Old English Sea Terms
This study covers the early
medieval period up to c.1300 and includes information about seafaring,
ships and their construction. It contains an extensive dictionary.
Each entry has its own etymology and quotations, and is briefly
analysed using evidence from the fields of archaeology, art history,
history, philology, and linguistics.
It is a reference work for the use
of anyone interested in the language, archaeology, and history
of ships in early medieval England. It is based on the author's
2002 monograph on Old English terminology for ships and parts
of ships before 1100, which was published in German. The author
has reorganised, revised and added to that work so as to make
the results of her research accessible to readers from varying
disciplines and a wider audience.
In addition to the dictionary there
are lists of source texts, a nautical glossary and a catalogue
of images and finds.
100 black & white illustrations. Paperback. 208 pages
Dark Age Naval Power
A re-assessment of Frankish and Anglo-Saxon
In the first edition of
this work, published in 1991, John Haywood argued that the capabilities
of the pre-Viking Germanic seafarers had been greatly underestimated.
Since that time, his reassessment of Frankish and Anglo-Saxon
shipbuilding and seafaring has been widely praised and accepted.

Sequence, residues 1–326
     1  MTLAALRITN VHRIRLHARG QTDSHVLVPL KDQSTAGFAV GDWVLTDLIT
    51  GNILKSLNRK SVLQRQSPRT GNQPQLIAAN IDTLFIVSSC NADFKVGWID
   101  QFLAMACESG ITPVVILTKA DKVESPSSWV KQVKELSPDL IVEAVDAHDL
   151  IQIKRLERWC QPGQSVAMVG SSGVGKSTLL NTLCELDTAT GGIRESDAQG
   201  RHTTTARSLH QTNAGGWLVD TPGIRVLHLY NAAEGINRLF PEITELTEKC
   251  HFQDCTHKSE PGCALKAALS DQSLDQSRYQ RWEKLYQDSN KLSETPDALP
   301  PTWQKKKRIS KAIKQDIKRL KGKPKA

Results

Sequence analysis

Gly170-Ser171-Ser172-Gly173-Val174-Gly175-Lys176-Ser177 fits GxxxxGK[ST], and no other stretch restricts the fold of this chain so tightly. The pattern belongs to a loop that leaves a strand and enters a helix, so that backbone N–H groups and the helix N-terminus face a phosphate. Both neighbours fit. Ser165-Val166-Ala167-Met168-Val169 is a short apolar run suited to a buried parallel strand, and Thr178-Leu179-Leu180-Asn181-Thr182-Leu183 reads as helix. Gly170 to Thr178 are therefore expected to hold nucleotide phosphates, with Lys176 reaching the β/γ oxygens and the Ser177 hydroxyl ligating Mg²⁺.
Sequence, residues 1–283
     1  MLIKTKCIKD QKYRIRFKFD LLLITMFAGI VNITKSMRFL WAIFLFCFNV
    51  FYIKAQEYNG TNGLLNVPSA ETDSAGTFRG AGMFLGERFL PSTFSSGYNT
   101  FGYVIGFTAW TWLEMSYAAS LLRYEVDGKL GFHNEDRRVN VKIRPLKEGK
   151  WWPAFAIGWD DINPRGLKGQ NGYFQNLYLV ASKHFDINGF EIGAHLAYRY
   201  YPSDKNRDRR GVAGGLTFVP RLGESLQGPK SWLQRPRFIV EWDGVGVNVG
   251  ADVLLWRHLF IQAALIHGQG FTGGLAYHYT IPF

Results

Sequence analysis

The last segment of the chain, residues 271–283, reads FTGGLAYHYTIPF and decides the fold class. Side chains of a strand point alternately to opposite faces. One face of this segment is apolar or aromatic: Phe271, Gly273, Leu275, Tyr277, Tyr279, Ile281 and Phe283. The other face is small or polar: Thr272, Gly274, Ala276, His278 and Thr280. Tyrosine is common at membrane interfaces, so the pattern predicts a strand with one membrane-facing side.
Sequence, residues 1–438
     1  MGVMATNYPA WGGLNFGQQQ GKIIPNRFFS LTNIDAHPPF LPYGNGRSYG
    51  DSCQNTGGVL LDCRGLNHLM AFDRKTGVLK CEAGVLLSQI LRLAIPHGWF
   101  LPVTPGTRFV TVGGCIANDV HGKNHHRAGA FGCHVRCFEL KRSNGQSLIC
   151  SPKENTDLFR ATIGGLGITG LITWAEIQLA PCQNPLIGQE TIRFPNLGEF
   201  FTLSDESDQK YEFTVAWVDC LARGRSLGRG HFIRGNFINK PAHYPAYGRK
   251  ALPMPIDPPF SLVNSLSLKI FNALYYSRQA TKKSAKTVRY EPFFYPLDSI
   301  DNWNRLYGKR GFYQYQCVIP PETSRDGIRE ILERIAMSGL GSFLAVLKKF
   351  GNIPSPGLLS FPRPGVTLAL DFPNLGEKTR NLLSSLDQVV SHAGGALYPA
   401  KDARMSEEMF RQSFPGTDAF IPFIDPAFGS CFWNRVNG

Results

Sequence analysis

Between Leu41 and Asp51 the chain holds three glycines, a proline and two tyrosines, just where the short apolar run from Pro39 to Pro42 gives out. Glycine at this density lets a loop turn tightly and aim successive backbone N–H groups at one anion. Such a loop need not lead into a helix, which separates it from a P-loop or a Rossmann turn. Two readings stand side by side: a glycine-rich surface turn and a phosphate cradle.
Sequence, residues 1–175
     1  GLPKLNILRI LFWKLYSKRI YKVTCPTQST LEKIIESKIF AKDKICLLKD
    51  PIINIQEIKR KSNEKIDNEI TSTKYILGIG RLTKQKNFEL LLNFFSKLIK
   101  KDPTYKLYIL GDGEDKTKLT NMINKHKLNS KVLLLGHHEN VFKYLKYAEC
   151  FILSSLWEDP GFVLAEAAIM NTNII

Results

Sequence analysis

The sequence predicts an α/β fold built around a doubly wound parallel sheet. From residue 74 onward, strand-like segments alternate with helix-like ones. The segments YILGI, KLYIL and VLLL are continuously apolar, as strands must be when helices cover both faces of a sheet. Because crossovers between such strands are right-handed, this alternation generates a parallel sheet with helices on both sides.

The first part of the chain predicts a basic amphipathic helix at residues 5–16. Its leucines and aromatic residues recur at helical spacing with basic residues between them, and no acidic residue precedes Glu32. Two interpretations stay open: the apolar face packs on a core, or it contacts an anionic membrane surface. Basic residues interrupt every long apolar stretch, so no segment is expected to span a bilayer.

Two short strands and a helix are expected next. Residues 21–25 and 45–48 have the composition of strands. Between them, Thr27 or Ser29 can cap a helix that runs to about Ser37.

‘The book remains a historical study of the first order.
It is required reading for our seminar on medieval seafaring at
Texas A & M University and is essential reading for anyone
interested in the subject.’
F. H. Van Doorninck,
The American Neptune
‘The author has done a fine job, and his clear and strongly
put theories will hopefully further the discussion of this important
part of European history.’
Arne Emil Christensen,
The International Journal of Nautical Archaeology
‘Writing a comprehensive history of the clandestine
activities of preliterate Dark Age societies is an ambitious task
and this book is a remarkable achievement.’
In this second edition, some sections of the
book have been revised and updated to include information gained
from excavations and sea trials with sailing replicas of early
ships. The new evidence lends weight to the author’s argument
that early Germanic shipbuilding and seafaring skills were far
more advanced than previously thought. It also supports the view
that Viking ships and seaborne activities were not as revolutionary
as is commonly believed.
£16·95 hardback 224 pages
English Sea Power 871-1100AD
This work examines the largely untold story
of English sea power prior to the Norman Conquest. The author
illuminates the much-neglected period 871 to 1100, an age when
English rulers deployed naval resources, first against Norse Invaders,
and later as an instrument of state in relations with neighbouring
The author has gathered together information about the crewing,
appearance, financing and use of fighting ships during the period.
8 maps & 8 illustrations
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